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Maverick Citizen Op-Ed

Drug-resistant infections: The silent pandemic that must be tackled now

Drug-resistant infections: The silent pandemic that must be tackled now
A Kenyan patient suffering from Multidrug-Resistant Tuberculosis (MDR TB) prepares to take her medicines at a Medecins Sans Frontieres clinic in Nairobi. Photo: EPA / Danie Irungu)

The unchecked growth of drug-resistant infections is a silent pandemic with long-term implications for global health security. As the world reels from the impact of Covid-19, it would be a tragedy not to apply the lessons we are learning to the fight against drug resistance.

Drug-resistant “superbug” infections kill an estimated 700,000 people a year worldwide, a number set to rise exponentially as drug resistance grows and weakens our ability to treat even common infections. 

A worrying number of infections are becoming harder – and sometimes impossible − to treat due to drug resistance. 

The consequences of not addressing the silent pandemic of drug-resistant infections now could result in a future where we are unable to treat common infections like pneumonia, urinary tract infections and infections in newborns.

Africa is in a particularly precarious position. The continent has the largest burden of endemic diseases, such as HIV, TB and malaria and is faced with emerging infectious pathogens and a growing threat of antimicrobial resistance (AMR).

In a recent commentary, the Africa Centres for Disease Control and Prevention (Africa CDC) warned about the rising threat of AMR, given that AMR will cause an estimated four million deaths in Africa by 2050.

The cost of failing to adequately prepare for Covid-19 has been a global wake-up call and raised concerns about emerging pandemics, including the pandemic of AMR

If Covid-19 has taught us one important lesson, it is that pandemic preparedness requires a global coordinated effort, and no country can do it alone. Out of this tragedy, we can mobilise and take collective responsibility to prevent a catastrophe of AMR. Strong leadership, collaboration and investment in measures to fight drug resistance will be pivotal.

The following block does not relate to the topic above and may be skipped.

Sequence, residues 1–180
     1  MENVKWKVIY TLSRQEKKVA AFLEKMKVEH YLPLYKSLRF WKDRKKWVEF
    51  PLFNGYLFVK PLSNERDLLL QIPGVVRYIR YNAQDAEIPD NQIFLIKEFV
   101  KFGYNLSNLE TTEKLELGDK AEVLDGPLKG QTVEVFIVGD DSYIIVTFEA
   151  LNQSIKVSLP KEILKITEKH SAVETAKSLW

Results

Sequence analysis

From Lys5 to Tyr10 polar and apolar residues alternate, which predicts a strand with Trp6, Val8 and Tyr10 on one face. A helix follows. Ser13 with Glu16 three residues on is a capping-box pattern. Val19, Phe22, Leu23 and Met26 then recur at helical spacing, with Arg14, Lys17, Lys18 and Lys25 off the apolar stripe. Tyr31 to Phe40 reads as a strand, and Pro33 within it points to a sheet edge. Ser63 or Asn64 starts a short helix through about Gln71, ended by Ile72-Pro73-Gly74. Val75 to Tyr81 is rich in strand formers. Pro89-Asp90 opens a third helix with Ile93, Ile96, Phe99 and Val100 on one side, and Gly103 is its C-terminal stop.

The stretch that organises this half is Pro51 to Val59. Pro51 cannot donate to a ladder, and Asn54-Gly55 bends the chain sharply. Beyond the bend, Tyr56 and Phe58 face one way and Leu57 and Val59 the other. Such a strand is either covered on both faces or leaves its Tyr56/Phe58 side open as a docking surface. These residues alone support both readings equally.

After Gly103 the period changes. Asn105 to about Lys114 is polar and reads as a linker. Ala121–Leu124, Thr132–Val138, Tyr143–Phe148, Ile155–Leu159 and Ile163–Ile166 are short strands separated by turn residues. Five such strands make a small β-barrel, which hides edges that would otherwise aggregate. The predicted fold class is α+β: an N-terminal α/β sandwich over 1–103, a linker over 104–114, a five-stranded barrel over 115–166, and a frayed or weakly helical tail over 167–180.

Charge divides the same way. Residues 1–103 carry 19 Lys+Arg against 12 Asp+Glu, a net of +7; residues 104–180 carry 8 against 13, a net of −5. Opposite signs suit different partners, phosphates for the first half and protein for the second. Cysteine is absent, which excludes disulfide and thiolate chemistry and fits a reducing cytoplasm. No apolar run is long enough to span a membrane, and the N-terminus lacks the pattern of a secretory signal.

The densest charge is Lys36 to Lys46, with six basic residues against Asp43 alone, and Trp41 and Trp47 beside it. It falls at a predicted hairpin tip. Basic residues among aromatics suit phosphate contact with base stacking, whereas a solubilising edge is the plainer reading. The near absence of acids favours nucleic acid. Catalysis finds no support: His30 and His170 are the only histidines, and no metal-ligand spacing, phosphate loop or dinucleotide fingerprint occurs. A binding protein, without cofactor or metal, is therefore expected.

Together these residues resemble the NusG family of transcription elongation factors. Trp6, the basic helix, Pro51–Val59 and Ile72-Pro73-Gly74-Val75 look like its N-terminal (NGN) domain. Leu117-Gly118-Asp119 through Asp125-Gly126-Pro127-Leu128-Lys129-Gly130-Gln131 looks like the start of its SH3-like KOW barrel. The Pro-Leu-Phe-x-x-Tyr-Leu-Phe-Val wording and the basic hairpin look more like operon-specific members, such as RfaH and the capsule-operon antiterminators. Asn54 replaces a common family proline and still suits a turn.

Strengthening our ability to fight drug-resistant infections requires a sustained, coordinated response, which must also ensure affordable access to solutions. Particularly critical to tackling drug-resistant infections is the One Health concept, recognising the importance of connecting the health of people to both the health of animals and our shared environment.

With the ever-present threat caused by the overuse and misuse of antibiotics, South Africa is playing its part to step up to the challenges of AMR.

In October 2019, South Africa’s health minister, Dr Zweli Mkhize, signed the Antibiotic Guardian Pledge, in which South Africa seeks to be a global leader in antibiotic stewardship. This is vital to conserve the efficacy of antibiotics currently in use and to delay the progression of AMR. 

Sustainable access to effective antibiotics remains a key challenge in the country, while far more investment is needed.

Research is also vital. 

The South African Medical Research Council (SAMRC), through its extramural programme, is conducting and funding research on AMR. 

The SAMRC Centre for the Study of Antimicrobial Resistance (CAMRA) consists of a multi-disciplinary team of national and international experts focused on addressing specific aspects of bacterial multidrug resistant pathogens, including tuberculosis.

The SAMRC has established several partnerships with local and international organisations to collaborate on AMR research & development, including with the Global Antibiotics Research and Development Partnership (GARDP), a not-for-profit organisation developing new treatments for antibiotic-resistant infections that pose the greatest threat to health.  

The SAMRC was one of the seed funders for GARDP.